Holidays generate even busier weekends, so maybe it's a good time to figure out how to get weekends back

CJ Coombs

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Nobody wants to clean all weekend. When you work hard all week long, you probably don't really want to spend your whole weekend of downtime cleaning.

Here are some suggestions to help you reclaim most of your weekend time

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Get organized

There’s a relationship between cleaning and being organized.

To start off, try putting away all those items you took out during the week and left on your desk or kitchen counter, or even on the floor. That’s one less thing you’ll have to spend time doing on your Saturday morning unless, of course, you go out Friday night and sleep in. Then, this gets pushed into your Saturday afternoon.

There’s just no denying the fact that living with clutter and in a chronic state or disorganization causes stress. (Source.)

When you procrastinate putting things away, at some point in the future, you’ll end up possibly spending a lot of time on some weekends putting everything away. Allegedly, that’s why you have clutter — you procrastinate managing it.

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Who loves to do laundry?

This is something we all procrastinate on and not everyone can enjoy or afford a laundry service.

I have a different living situation — I live with my daughter and her family so I help with the laundry during the week. And I’m talking about laundry for two more adults and their three young children. But, I like to help and it falls into being organized and helping us all have more weekend time.

If you work, you can wash items like towels in the morning. Toss them into your washer before you go to work and put them in the dryer when you get home. Choose the day of the week you’re going to do this. If you spend all day on Saturday or Sunday doing laundry, that’s more time you’ll lose on your weekend.

If you let the dirty clothes pile up to a stage that it becomes overwhelming, you can become your own enemy. If you are passionate about learning the fastest way to get your laundry done, it needs to be dealt with every day. (Source.)

If the laundry is done by Friday, knowing you don’t have to see it again for another week is a great feeling.

Who wakes up Saturday morning thinking, I can’t wait to start on all the laundry.

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Cleaning the kitchen

This actually should be done every day.

If you spill something, wipe it up or sweep it up then. Don’t wait for tomato sauce to harden on the floor so mopping is harder. Don’t let dishes pile up in your sink for three days, that is unless you plan on growing something in the sink.

If you put things away like empty your dish rack or dishwasher routinely, it helps save you time on busier days during the week. If you spend some time doing all the little things that should get done during the week, this will make a difference in your free time come Saturday.

Also, believe it or not, keeping your refrigerator cleaned out frequently of spoiled foods avoids the spread of bacteria onto other foods.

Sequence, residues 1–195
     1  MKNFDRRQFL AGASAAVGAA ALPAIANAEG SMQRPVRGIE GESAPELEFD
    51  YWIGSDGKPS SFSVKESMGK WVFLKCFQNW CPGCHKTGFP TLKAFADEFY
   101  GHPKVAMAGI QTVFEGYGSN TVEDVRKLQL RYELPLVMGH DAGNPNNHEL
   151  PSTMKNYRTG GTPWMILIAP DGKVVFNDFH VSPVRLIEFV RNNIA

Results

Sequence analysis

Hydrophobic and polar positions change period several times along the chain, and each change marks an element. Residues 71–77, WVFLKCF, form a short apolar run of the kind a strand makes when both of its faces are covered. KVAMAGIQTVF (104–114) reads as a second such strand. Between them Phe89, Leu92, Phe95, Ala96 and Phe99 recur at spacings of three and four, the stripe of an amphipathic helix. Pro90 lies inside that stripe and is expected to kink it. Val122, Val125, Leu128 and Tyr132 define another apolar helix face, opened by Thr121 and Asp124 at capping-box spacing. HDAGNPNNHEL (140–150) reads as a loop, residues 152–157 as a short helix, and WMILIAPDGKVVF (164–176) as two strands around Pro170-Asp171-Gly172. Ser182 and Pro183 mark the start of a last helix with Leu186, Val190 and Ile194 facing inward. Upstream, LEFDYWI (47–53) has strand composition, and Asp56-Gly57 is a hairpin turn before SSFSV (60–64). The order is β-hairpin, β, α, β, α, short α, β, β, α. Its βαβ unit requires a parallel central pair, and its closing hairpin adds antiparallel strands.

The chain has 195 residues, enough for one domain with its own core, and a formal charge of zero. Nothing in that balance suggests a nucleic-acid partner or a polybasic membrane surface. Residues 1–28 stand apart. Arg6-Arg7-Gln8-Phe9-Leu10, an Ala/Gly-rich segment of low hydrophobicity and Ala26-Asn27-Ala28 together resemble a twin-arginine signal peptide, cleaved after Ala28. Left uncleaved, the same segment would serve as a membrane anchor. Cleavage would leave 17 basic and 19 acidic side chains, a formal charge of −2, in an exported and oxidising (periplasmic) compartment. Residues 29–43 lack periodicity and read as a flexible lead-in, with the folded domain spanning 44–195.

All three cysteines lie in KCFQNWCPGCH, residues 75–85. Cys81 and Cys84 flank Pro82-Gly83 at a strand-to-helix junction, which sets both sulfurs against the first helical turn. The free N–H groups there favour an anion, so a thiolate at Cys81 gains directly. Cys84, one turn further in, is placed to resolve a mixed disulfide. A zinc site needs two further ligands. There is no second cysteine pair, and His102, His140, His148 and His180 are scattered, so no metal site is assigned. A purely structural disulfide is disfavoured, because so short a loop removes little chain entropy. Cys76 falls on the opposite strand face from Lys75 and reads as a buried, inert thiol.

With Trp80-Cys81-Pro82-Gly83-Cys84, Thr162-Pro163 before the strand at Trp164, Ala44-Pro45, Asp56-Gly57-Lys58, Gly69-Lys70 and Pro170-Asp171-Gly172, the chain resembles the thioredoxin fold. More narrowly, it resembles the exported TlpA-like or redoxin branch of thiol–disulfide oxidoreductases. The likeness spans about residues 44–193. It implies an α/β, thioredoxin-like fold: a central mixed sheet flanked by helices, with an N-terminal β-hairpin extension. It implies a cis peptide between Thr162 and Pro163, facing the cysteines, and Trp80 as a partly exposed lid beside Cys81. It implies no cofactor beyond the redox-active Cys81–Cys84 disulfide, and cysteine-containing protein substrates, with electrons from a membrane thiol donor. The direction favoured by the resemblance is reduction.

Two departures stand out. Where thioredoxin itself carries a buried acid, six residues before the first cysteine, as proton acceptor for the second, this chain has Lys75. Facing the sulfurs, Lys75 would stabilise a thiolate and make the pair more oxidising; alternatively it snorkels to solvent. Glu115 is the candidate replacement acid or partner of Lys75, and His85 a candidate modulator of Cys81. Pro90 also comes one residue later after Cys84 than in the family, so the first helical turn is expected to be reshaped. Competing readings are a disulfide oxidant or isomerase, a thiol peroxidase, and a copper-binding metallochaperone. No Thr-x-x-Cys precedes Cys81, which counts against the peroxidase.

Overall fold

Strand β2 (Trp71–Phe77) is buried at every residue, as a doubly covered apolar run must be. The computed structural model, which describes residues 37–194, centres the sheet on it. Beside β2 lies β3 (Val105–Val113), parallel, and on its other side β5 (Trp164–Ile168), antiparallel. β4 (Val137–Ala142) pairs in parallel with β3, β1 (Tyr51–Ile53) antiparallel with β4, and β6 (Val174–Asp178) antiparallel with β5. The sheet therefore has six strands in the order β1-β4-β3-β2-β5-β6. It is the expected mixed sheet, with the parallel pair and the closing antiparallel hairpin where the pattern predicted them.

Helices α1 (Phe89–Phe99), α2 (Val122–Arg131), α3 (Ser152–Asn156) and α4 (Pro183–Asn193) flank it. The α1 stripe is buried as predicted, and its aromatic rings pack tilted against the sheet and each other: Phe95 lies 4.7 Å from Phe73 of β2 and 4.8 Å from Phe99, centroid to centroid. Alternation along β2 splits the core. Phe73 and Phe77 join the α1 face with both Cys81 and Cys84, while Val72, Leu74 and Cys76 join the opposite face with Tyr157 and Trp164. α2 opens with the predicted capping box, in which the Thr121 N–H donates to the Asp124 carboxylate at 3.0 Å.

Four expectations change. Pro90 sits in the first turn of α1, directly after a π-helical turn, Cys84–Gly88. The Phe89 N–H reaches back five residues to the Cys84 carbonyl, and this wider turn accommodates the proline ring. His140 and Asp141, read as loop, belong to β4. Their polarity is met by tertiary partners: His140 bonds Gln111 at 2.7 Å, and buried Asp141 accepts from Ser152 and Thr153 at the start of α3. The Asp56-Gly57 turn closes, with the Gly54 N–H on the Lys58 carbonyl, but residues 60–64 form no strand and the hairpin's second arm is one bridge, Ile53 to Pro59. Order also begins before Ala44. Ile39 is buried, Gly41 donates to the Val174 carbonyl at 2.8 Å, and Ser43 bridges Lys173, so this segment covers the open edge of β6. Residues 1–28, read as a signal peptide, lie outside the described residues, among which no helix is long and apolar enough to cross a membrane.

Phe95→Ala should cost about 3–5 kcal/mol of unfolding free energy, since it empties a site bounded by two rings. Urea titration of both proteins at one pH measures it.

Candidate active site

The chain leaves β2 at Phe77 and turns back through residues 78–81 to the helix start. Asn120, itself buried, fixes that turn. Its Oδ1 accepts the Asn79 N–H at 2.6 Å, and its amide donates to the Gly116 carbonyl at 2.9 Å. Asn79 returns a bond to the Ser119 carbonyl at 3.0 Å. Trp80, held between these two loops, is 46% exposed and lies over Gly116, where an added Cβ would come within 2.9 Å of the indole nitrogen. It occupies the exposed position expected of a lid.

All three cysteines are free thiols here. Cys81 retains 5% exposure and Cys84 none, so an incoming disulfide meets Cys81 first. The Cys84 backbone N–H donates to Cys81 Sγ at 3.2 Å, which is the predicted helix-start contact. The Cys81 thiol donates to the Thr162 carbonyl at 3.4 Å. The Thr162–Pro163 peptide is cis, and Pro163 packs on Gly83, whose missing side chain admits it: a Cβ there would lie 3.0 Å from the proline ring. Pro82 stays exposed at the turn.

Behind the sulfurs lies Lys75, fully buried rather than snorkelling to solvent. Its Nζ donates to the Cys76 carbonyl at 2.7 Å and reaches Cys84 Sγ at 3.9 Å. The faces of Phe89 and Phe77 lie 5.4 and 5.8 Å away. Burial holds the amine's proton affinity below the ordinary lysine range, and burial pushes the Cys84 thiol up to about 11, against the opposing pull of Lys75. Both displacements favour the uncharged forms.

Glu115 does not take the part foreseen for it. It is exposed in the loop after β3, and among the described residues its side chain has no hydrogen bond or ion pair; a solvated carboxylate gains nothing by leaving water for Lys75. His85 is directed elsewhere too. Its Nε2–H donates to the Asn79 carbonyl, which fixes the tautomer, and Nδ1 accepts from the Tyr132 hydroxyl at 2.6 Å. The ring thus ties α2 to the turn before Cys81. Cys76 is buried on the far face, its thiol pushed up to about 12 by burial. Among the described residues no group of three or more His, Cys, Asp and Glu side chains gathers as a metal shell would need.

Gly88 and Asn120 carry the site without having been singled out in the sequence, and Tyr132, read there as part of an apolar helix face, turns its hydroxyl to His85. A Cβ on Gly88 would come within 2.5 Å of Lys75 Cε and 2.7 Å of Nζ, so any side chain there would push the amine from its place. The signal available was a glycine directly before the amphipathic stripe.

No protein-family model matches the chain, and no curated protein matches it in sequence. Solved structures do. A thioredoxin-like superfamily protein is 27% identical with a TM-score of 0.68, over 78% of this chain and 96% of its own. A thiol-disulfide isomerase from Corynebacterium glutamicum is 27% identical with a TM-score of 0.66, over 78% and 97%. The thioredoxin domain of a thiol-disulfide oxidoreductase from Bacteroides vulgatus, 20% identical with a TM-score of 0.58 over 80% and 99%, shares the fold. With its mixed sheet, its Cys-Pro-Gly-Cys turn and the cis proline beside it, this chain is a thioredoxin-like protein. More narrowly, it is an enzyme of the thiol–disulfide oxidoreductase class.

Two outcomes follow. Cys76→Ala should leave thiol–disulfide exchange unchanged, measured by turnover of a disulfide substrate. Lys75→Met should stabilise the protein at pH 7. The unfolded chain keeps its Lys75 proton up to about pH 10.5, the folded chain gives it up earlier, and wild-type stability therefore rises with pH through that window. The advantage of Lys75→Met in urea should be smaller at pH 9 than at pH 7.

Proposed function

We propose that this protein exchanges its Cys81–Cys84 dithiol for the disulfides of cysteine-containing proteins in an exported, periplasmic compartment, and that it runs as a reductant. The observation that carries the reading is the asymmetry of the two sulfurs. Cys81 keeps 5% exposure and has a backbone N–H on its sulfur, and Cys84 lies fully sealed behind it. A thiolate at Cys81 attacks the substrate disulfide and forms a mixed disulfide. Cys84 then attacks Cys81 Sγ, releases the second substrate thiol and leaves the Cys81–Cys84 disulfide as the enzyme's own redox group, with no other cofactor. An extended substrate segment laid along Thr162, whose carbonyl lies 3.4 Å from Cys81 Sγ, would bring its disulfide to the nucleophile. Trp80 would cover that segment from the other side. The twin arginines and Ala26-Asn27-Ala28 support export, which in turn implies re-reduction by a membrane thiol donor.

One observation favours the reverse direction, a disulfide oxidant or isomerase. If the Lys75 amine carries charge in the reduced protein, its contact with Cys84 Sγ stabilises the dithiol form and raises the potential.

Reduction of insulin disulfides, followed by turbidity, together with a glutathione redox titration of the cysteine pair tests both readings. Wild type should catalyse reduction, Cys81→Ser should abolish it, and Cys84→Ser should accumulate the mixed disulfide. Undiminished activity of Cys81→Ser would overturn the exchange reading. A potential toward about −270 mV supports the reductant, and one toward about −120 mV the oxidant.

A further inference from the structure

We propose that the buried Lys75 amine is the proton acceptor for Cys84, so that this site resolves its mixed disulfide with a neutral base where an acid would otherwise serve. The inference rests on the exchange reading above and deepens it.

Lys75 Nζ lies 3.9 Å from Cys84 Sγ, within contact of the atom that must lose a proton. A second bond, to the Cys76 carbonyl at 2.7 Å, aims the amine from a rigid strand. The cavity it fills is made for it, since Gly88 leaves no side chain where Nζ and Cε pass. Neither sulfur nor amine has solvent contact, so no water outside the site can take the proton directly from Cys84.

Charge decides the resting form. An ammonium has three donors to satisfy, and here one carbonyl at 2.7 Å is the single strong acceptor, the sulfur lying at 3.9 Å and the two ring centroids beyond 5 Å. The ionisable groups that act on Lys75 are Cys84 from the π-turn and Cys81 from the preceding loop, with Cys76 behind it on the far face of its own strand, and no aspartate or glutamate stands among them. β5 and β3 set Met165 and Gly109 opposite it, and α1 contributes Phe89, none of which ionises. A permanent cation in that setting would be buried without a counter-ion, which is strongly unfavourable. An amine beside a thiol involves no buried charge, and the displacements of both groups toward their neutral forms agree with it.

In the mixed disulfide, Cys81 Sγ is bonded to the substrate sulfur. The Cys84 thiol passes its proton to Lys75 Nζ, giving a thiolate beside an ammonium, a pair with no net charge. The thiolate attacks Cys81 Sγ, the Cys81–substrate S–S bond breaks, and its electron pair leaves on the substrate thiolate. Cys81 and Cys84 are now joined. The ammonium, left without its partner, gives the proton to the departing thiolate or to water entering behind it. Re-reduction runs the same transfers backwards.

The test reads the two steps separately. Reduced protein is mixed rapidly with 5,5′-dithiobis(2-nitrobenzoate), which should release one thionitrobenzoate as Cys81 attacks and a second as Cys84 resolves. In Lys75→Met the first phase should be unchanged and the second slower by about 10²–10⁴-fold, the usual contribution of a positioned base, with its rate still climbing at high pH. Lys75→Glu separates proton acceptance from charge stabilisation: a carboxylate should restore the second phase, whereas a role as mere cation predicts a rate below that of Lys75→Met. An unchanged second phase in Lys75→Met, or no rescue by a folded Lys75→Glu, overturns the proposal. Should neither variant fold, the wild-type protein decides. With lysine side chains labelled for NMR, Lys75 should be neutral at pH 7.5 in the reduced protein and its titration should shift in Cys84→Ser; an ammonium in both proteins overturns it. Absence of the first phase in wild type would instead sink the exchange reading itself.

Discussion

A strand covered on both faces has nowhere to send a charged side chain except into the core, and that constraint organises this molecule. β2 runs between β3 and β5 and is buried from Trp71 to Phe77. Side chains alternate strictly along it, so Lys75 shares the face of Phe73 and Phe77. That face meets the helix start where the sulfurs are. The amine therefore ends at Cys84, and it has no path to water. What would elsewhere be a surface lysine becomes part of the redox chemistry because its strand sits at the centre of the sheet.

Since you cook and eat in the kitchen, this is the room that should have a cleaning priority. Also, don’t ignore the build-up in your microwave.

Dusting

This is such a tedious chore because of all the woodwork you might have in your home. Then you have the items on shelves. If you look around and see all the things that collect dust, no wonder people procrastinate on this.

You do not have to dust every weekend. I dust twice a month, or more if someone is coming over. When spring hits, that’s a big motivator to get everything dusted like light fixtures, wood paneling, and staircases.

When dust collects on desks, upholstery, beddings, tabletops and other soft fabrics, it becomes easier for your entire family to breathe it in. (Source.)

If you have a plan on what and when to dust, then you might never have to do this on a weekend.

Have a chore calendar

Decide which days are going to get a chore. For example, which day do you want to mop or vacuum (not Fridays)? Which day do you want to dust? Get your bathroom cleaned before the weekend (nobody likes to clean a toilet, nobody, so don’t make this solely the woman’s job if you’re married) — maybe do that on Wednesdays.

Make a list of routine chores you perform. Assign them a day during the week. This may not be ideal for everyone. The goal is to accomplish what can be done during the workweek so you can have more weekend time.

Enlist family members to help

As your children get older, they can help with getting laundry to the washing machine. They can also pick up their own bedrooms or make their beds. Everyone can pitch in to unload the dishwasher (or load it).

Married couples can decide who takes out the trash, or take turns. They can pitch in to help each other with reminders of getting the big stuff done, so the weekend is free for adventures!

If you spend all weekend doing chores plus mowing the lawn, then you never had ample rest after a long workweek. Between work and activities children are involved with at school or sports, your time on the weekend is often sucked away. By assigning certain chores during the workweek, you’re guaranteed some weekend time getting returned back to you.

Remember, cleaning is not gender-specific.

Thank you for reading!

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Multi-genre writer and indie author with a BA in Eng Journalism & Creative Writing. My working career has been in law firms. Thinker, giver, and lover of life and retired early to be a writer. Born into Air Force service life, life has taken me to Louisiana, Idaho, Kauai, Nebraska, South Dakota, and Missouri. I love family, art, reading, history, true crime, travel, and research.

Kansas City, MO
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